In a discussion of the NET’s translation of Matthew 12.25, found here, Daniel B. Wallace makes a strong case for the limited omniscience of Christ prior to the resurrection. This seems immediately to be an attack upon the foundational tenets that support orthodox Christology. The common understanding of patristic teaching and the embattled production of creeds in the fifth and sixth centuries has been to ascribe to Christ the fullness of deity. While there is no contention with Christ possessing the fullness of his divine nature, even from Wallace, there seem to be biblical, philosophical, and practical reasons to question exactly how the divine nature of Christ interacted with his human nature. Can Wallace, then, propagate the notion that Christ did not have full access to omniscience without doing irreparable damage to orthodox teaching? Within the context of our Christology, do Daniel B. Wallace’s designations for God’s attributes bring us closer to understanding the hypostatic union of Christ?
Wallace confronts the idea that certain biblical texts can be used to support the notion that Christ fully experienced omniscience prior to the resurrection. He has made his real contention, though indirectly at first, with the Doctrine of the Hypostatic Union of Christ. The Council of Chalcedon officially set into orthodoxy that in the incarnation, “a human nature was inseparably united forever with the divine nature in the one person of Jesus Christ, yet with the two natures remaining distinct, whole, and unchanged, without mixture or confusion, so that the one person, Jesus Christ, is truly God and truly man.” Whether Wallace’s conclusion is unorthodox remains to be argued. However, whatever the outcome of his argument, Wallace’s article is worthy of attention as it relates to our understanding of how the two natures function within the person of Christ.
The immediate question underlying Wallace’s essay is whether or not there is valid biblical support, at least in Matthew 12.25, for the claim that Christ possessed free access to divine omniscience. Concerning a deviation in translation in the NET of Matthew 12.25, Wallace proposes two questions: “First, is the NET more accurate than the other translations in this passage? And second, if so, what does this mean for Jesus’ omniscience?” While a prime facie treatment of his article reveals a kenotic undercurrent in the exegesis, the outcome has serious implications for the Hypostatic Union. If there is Biblical support for the notion that Christ did not have free access to the incommunicable attributes, which Wallace prefers to re-label the ‘amoral’ attributes, then what can be made of the notorious adverbs of the Chalcedonian Creed?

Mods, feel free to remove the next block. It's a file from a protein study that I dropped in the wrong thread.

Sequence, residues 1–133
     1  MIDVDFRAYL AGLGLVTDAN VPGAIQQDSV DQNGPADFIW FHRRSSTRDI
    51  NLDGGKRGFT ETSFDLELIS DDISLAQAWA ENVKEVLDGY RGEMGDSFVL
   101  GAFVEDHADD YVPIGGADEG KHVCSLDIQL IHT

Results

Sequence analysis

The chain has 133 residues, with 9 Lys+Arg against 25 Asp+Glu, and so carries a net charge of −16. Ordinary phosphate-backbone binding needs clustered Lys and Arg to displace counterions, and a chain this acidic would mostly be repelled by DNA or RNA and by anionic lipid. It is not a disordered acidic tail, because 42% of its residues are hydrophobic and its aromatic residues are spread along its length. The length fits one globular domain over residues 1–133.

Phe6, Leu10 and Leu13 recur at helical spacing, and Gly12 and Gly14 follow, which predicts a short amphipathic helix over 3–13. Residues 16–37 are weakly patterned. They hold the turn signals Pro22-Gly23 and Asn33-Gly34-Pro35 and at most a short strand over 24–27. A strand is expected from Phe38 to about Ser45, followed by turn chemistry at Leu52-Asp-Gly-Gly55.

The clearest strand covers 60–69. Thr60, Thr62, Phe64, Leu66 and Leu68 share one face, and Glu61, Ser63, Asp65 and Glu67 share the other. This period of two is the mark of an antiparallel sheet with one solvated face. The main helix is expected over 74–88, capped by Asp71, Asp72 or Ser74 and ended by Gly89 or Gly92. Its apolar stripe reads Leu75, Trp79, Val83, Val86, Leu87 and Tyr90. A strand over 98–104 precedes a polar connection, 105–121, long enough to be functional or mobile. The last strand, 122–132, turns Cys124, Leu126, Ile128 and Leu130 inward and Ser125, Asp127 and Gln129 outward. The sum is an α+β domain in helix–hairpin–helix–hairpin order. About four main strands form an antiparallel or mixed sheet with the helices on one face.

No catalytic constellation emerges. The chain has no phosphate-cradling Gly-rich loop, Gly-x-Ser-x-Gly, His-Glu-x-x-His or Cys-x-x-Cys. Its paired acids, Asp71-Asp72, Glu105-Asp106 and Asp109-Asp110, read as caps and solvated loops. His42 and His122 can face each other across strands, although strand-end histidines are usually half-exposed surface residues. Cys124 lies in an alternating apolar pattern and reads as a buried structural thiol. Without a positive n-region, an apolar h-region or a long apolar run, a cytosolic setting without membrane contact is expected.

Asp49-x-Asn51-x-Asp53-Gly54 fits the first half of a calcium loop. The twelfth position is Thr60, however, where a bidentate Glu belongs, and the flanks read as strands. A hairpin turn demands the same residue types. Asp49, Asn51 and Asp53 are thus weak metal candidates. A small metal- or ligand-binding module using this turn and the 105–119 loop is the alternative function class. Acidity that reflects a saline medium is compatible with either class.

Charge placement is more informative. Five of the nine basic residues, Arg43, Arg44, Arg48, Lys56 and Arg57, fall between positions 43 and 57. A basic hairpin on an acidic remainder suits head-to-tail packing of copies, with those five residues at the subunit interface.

Wallace approaches his first question from a grammatical analysis of the Greek text. He prefaces his evaluation of the Matthew passage by citing other passages that have classically been used to establish Christ’s humanity by displaying the limitations of his knowledge. Wallace goes on to prove the validity of his claim that the aorist and perfect adverbial participles of perception are used regularly to communicate the notion of ‘growing in knowledge.’ He summarizes, stating that our translations are suspect of theological bias if grammatically similar texts are not all treated in the same fashion, even if they include Jesus as the subject.
Wallace concludes his explanation of the problem presented in the Matthew passage with a theological approach. He posits that, while few of the passages actually allude to omniscience, many of the passages concerning Christ’s knowledge as being greater than his contemporaries are questionable. However, he does not deny that there are passages that speak clearly and directly of Christ’s supernatural knowledge (Matt 17.27; John 1.48). He states succinctly that he believes that, “in some instances we can clearly see evidence of Jesus’ supernatural knowledge, knowledge that cannot be explained by any natural means.”